Root development of a germinating radicle is guided by cytokinin, while the mature secondary or lateral roots require auxin. Xylem flow from root upwards is regulated by cytokinin; phloem flow from leaf to root is regulated by auxin. In a greenwood shoot lateral bud break is regulated by cytokinin; terminal bud development requires auxin. In the flower cytokinin dominates the pre-budbreak development while auxin stimulates anther/pollen formation and the development of the sperm tube in the pistil. This controls fruit set, but then fruit development once again centers on the influence of cytokinin.
These hormone patterns are never found without the polar influence of both being present even in the most minute areas of the cell. However different stages require the action of either one or the other to predominate. Anticipating these changes and having on hand hormonal extracts that can support the particular phase of a plant’s development takes the practice of regulating plant growth to another level through natural hormonal extractions applied in foliar sprays.
The basic process makes use of fermented greenwood shoots, roots, and herbs that specialize in sequestering the metals.
The parsley plant balances the depositing tendency of phosphorus. We could call it labile or available phosphorus. Macerated parsley leaves and crowns extracted in the base ferment bring the potentials for enhanced phosphorus availability since the living parsley plant has rendered the phosphorus capable of continuous activity. A phosphorus adjunct to parsley is the mineral langbeinite known as sul/po/mag, (sulfur/potassium/magnesium). This natural mineral is a marine deposit of these three minerals in a highly balanced form. The mineral form can be dissolved in boiling water and stored. A small amount added to the parsley extraction gives the P/K relationship flexibility. As a mineral, langbeinite has solved the equation between potassium in the sal pole and sulfur and magnesium in the sulf pole. Together, parsley and langbeinite offer a store of these key minerals in a balanced form when applied in a foliar spray.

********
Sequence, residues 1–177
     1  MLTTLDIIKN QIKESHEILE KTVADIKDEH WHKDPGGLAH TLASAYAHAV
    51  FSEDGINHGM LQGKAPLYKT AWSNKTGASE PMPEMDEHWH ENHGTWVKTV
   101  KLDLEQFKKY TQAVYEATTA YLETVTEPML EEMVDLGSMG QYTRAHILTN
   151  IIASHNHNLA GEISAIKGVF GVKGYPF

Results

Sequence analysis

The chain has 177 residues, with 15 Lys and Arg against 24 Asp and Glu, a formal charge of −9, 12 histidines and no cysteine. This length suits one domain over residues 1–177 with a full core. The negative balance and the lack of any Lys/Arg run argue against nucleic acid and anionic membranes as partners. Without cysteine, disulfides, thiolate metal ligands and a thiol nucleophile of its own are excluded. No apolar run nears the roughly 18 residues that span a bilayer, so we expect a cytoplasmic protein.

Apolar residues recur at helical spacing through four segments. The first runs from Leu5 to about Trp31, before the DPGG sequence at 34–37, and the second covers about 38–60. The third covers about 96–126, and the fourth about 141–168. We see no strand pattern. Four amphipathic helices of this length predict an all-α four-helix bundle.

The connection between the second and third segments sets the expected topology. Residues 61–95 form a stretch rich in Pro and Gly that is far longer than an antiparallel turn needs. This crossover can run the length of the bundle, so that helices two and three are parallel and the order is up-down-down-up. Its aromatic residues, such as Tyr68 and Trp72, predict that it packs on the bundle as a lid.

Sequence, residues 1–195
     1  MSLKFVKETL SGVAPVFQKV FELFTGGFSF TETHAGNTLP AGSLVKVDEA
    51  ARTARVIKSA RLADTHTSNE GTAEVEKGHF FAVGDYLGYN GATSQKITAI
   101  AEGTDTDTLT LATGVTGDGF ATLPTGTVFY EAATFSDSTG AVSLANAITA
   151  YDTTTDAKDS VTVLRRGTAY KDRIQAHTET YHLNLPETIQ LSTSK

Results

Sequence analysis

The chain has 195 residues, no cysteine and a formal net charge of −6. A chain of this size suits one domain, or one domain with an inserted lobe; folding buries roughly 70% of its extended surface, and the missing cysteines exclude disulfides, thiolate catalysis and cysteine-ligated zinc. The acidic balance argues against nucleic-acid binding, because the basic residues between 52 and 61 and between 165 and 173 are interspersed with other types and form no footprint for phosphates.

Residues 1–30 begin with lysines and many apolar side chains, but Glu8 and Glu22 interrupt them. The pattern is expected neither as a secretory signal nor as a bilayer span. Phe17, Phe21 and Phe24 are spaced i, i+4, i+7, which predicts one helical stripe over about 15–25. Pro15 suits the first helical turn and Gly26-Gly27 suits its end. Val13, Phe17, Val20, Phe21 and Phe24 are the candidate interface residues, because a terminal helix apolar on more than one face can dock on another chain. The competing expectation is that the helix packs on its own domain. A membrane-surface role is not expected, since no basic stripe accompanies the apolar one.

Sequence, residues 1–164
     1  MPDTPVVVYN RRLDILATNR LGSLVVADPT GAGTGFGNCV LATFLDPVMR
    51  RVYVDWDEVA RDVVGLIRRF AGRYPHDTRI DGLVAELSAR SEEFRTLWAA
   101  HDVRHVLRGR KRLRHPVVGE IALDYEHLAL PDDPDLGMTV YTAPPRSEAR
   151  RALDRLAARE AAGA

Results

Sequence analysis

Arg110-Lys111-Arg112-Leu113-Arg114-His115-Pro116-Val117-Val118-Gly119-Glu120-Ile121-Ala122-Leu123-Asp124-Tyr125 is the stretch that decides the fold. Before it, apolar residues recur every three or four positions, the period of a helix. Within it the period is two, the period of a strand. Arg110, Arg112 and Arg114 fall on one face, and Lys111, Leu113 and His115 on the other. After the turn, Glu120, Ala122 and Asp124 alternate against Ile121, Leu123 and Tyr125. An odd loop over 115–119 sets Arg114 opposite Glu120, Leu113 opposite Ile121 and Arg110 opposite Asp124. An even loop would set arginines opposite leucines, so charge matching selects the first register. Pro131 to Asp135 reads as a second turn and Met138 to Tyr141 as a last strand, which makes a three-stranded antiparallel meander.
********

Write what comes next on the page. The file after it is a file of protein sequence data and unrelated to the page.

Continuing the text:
The addition of other herbs for specific targets is also useful in the base ferment. Usnea hirta, a lichen, and Artemisia annua (sweet Annie) in the daisy family can be added to help the plant balance strong energy shifts in plant sap electrolytes as demands of minerals change from growing cycles to the production of fruit and seed. Usnea and sweet Annie specifically influence the integrity of mitochondria in cells. To prevent aging due to stress they regulate the permeability of mitochondrial membranes and temper their metabolic rates.
To specifically deal with heat and drought stress herbs that produce soft leaf waxes can be extracted in the base ferment. Soft waxes regulate the function of the respiratory organs in the leaf known as stoma. In strong temperature swings the stoma must open and close in quick response to water stress signals. Hard wax covers the surface of leaves, but is not functional to regulate the stoma found on the undersides of leaves. The softer waxes enable the stoma on the underside to easily open and close. The tea plant is known for its complex waxes. Camellia flowers are in the same family as tea. When fermented the soft, abundant, waxy flowers of camellia release the soft wax of their petals into solution through the production of abundant saponins (soaps) making soft wax available to the sprayed leaf.
If accelerated ripening is desired the base spray with the addition of vitamin C accelerates the breakdown of pectins in the cell walls of ripening fruits. Pectins are complex carbohydrates that form embryonic fruit cell complexes out of cellulose as a just-set fruit is doing its initial swelling. The cellulose needs to be dissolved later at ripening time by vitamin C. The cellulose that is broken down produces the sugars that change the ripening flesh from sour to sweet. Vitamin C in a spray can restart a stalled ripening process in such crops as citrus fruits that are ripening into the cold or medicinal plants that are maturing into an early fall.
Dennis Klocek, MFA, is co-founder of the Coros Institute, an internationally renowned lecturer, and teacher. He is the author of nine books, including the newly released Colors of the Soul; Esoteric Physiology and also Sacred Agriculture: The Alchemy of Biodynamics. He regularly shares his alchemical, spiritual, and scientific insights at dennisklocek.com.